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Source/Disclosures
Disclosures: Phillips reports receiving funding from the Alzheimer Society of Canada, Canadian Institutes of Health Research, and Natural Sciences and Engineering Research Council of Canada.
June 08, 2020
3 min read
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Q&A: Conducting cognitive assessments via telehealth amid COVID-19

Source/Disclosures
Disclosures: Phillips reports receiving funding from the Alzheimer Society of Canada, Canadian Institutes of Health Research, and Natural Sciences and Engineering Research Council of Canada.
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Administering the Montreal Cognitive Assessment, or MoCA, via telehealth poses challenges, one of the tool’s developers told Healio Primary Care.

“These are fundamentally non-standard testing conditions,” Natalie Phillips, PhD, professor of psychology at Concordia University in Montreal, said in an interview. “I’m not saying clinicians cannot administer MoCA via telehealth, but they have to be mindful that it is not the standardized testing condition.”

 

The MoCA is a screening tool that assesses cognitive functions that are sensitive to Alzheimer’s disease and mild cognitive impairment. With the COVID-19 pandemic prompting historic numbers of physicians to use telehealth, Phillips, who is also the associate scientific director of the Canadian Consortium for Neurodegeneration in Aging, discussed how physicians can adapt the MoCA for phone and video use, gauge the accuracy of these assessments’ results and more.

Q: How can physicians adapt the MoCA to telehealth?

A: Video conferencing would be the preferred way of administering the MoCA via telehealth because the patient can see the physician and the stimuli of the test. The physician also benefits because he or she can gauge the patient’s speech, establish rapport with the patient and facilitate the conversation. Physicians can also see if patients nod to signal that they understand, if they smile and if they are encouraging. All these nonspeech specific cues are very helpful in the MoCA assessment. The other obvious benefit to video conferencing is that the patient can see some of the test materials. But video conferencing also has disadvantages. The resolution of what the patient sees is going to be variable, based on whether the patient is using a desktop, full-screen computer, iPhones or an iPad.

When administering the MoCA over the telephone, you must eliminate all the assessment items that are visually presented. Our research has shown when visual items are excluded from the MoCA, it effectively eliminates the ability to test executive function, which fundamentally alters the test. In addition, cellphones often have poor audio resolution, putting older adults with hearing loss at a disadvantage.

Any decision the physician reaches must be based on sound clinical judgment, considering all the relevant knowledge of the patient.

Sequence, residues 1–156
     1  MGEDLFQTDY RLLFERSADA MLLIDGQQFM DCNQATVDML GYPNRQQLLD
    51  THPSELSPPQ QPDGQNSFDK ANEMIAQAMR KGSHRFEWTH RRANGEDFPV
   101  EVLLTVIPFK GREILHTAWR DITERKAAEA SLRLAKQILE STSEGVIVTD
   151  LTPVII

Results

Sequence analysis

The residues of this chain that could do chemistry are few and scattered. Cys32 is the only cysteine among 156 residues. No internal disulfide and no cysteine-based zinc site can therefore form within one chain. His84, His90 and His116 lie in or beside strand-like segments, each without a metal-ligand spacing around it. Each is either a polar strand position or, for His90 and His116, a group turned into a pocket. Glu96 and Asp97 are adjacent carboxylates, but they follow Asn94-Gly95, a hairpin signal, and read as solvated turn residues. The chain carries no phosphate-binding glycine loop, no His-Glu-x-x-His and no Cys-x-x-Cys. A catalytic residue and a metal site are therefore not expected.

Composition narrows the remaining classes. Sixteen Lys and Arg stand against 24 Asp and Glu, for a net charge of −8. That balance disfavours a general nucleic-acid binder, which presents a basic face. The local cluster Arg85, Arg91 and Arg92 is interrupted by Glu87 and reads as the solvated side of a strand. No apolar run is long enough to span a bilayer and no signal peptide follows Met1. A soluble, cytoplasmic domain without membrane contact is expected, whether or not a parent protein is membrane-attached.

Q: How can physicians get an understanding of a patients hearing and vision abilities via telehealth?

A: For hearing, physicians can ask something as simple as how the patient — with or without a hearing aid — would characterize their hearing (eg, excellent, very good, good, fair or poor). Ask if it is difficult for them to follow a conversation if there’s background noise, such as people talking, TV or radio or children playing. The physician should know what hearing assistive devices they are using.

Similarly, for vision, ask how they would characterize their eyesight, even if they use glasses or corrective lenses. Ask if besides glasses or contact lenses, are there any other aids or specialized equipment, and, if they do, what are they.

If the patient indicates that they do use assistive devices for hearing or vision, they must use them during the examination.

Q: How accurate can we expect overall MoCA scores, given variations in internet connections and computer abilities?

A: We have absolutely no idea. The proper studies have not been done. A 2013 study on the telephone version of the MoCA concluded the test is, understandably, limited in its ability to evaluate executive function and naming ability, which are based on visual stimuli in the face-to-face MoCA. Based on our research we know that when these items are eliminated, the sensitivity of the test suffers.

Q: What clinical decisions can be made based on assessments over telehealth?

A: Remember that cognitive assessments are a process, not necessarily an outcome. Clinicians can use the MoCA to elicit behaviors, make observations and/or help decide whether referral to a specialist is necessary. Administering the MoCA via telehealth also helps plan follow-up visits and determine if reassessment is necessary.

If the patient passes the MoCA via telehealth, one could be reasonably certain that they do not have any difficulties. If they fail, they could be failing due to their sensory health, anxiety, difficulties understanding the task instructions or lapses in attention. I would not use MoCA test scores administered via telehealth to make any legal decisions.

Q: Should patients be reassessed in the office after physical distancing measures are eased?

A: That is up to the physician. If a patient passes the MoCA via telehealth, the clinician can be fairly confident that was a true pass. But if the patient fails, then the question is, why did they fail? If it was a true fail, and not due to factors such as poor cellphone or video quality, having the patient come in for a fuller assessment under more amenable circumstances is very important. Now more than ever, the clinical observations, skill, and judgement of the clinician is paramount.

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